Director Radwan al Kashef’s al Saher (The Magician) starring actor Mahmoud Abdel Aziz, has succeeded to bring pleasure to audience during the Eid al Adha holiday in Egypt.
In contrast with the title, the audience becomes familiarized with the magician after he stops his spells. Abdel Aziz plays alongside Salwa Khattab as a man who tries to bring pleasure to a certain class within Egyptian society that suffers from neglect and deprivation.
Earlier, Kashef featured this world and the world of marginal people in his first film Leh Ya Banafsag (Why Purple?), but the script of the film Magician, written by Sami al Sewi, does not only tell about one story but rather a group of stories, the most important which is the one in which the magician Mansour Bahgat lives.
Typical of many films of the past decade al Sahir is about life on the margins and the fate of the marginalised. Yet unlike many of its sister movies it is a much gentler take on those blurred areas of existence. A lot of the action takes place on the rooftop of a building in Old Cairo. Yet with Salah Marei's simple sets the roof, with a view of the Nile and healthy green plants, is not an oppressive marginal space. It is sunny, homey and safe. It accommodates Mansour's old magic-making equipment, including his pigeons, it has room for his daughter Noor and Hammouda's love affair, it accommodates Shawqiya (played by Khattab) after her divorce and witnesses her growing romance with Mansour. And it is finally in Shawqiya's room on the roof that Noor and Hammouda's engagement party takes place, according to al Ahram Weekly.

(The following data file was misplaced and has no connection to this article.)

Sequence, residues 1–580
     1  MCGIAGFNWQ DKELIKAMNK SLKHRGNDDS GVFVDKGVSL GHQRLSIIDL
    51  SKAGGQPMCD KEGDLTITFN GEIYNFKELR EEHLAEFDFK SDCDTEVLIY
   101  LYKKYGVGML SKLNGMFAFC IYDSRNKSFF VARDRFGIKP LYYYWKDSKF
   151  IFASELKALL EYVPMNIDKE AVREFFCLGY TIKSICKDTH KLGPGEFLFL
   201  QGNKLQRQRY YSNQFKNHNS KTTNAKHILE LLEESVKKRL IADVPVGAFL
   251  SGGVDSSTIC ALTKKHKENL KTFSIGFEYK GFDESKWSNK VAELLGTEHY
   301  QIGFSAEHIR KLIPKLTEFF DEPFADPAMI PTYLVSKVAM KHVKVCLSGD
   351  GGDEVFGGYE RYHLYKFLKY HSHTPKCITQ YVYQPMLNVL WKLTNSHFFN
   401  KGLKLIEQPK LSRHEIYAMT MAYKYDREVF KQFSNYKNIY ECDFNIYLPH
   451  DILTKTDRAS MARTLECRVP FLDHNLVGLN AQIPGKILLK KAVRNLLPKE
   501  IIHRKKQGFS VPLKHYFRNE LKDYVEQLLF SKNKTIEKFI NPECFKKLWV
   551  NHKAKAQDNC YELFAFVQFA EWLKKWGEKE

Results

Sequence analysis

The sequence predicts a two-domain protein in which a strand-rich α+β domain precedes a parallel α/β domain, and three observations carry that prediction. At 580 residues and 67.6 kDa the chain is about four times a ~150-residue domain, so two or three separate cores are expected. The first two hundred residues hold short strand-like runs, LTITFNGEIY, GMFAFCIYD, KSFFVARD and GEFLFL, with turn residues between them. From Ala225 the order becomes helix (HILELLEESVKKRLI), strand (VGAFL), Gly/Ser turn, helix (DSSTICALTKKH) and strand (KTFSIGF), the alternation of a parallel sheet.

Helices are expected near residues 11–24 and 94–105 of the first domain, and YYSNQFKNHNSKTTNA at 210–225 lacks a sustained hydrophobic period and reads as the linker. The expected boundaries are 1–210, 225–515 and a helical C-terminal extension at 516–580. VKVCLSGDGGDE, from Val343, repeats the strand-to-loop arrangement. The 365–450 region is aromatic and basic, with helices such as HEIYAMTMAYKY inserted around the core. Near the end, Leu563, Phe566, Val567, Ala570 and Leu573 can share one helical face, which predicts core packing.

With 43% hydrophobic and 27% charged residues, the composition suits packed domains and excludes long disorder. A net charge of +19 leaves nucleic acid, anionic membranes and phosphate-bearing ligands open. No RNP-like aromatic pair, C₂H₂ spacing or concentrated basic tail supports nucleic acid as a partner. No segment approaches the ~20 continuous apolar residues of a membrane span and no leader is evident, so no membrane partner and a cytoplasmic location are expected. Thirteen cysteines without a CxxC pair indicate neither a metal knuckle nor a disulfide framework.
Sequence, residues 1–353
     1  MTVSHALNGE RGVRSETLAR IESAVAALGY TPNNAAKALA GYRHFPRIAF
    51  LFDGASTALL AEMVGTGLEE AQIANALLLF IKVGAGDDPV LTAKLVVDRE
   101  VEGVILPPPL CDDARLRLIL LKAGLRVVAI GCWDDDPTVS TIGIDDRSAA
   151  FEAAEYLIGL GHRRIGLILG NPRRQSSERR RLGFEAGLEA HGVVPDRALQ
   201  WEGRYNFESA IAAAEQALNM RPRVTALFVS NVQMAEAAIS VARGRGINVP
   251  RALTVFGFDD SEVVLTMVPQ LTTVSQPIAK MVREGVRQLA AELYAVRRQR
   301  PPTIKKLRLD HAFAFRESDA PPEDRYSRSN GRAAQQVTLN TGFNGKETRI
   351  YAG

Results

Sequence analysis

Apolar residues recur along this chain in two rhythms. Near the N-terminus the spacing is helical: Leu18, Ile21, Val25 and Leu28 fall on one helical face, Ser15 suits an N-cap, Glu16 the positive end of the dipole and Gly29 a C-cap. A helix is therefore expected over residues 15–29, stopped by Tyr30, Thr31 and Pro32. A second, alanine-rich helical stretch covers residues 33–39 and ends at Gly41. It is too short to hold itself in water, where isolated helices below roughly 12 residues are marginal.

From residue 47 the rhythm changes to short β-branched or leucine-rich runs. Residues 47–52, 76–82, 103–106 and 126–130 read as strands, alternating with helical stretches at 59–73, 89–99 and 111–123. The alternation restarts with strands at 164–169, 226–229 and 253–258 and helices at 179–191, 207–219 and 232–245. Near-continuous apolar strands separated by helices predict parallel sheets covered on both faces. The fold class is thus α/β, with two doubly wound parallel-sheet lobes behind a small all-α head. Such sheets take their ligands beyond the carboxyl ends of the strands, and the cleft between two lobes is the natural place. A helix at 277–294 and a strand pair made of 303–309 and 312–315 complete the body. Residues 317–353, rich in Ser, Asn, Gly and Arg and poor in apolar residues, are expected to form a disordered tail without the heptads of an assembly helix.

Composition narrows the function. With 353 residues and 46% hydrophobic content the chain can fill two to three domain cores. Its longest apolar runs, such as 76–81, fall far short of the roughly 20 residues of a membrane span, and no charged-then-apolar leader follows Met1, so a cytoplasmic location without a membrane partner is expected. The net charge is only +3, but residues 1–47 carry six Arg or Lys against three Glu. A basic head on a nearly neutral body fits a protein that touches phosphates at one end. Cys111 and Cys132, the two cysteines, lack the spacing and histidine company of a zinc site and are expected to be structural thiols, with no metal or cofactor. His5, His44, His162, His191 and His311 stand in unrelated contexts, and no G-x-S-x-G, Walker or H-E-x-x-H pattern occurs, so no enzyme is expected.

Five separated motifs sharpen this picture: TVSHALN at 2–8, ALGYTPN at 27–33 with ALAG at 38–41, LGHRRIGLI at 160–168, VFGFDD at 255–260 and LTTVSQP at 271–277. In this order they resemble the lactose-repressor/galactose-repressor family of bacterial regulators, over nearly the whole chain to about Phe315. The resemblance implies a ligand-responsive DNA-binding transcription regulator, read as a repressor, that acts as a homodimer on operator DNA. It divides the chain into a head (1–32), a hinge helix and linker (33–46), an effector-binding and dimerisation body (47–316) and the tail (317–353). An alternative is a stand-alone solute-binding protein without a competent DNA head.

The characters exist on multiple margins and borders themselves, both spatial and psychological. Though they are all charged with sexual (and other) frustrations they manage to come out on top in the end. The most dramatic of these is, of course, Ali, on the verge of blindness, who can see and cannot see. Hisham, on the other hand, is forever stalled in his mental state. Scriptwriter Sami al Siwi and al Kashef should be credited for including this character, played brilliantly by Hisham Mashhour, so unobtrusively – Albawaba.com
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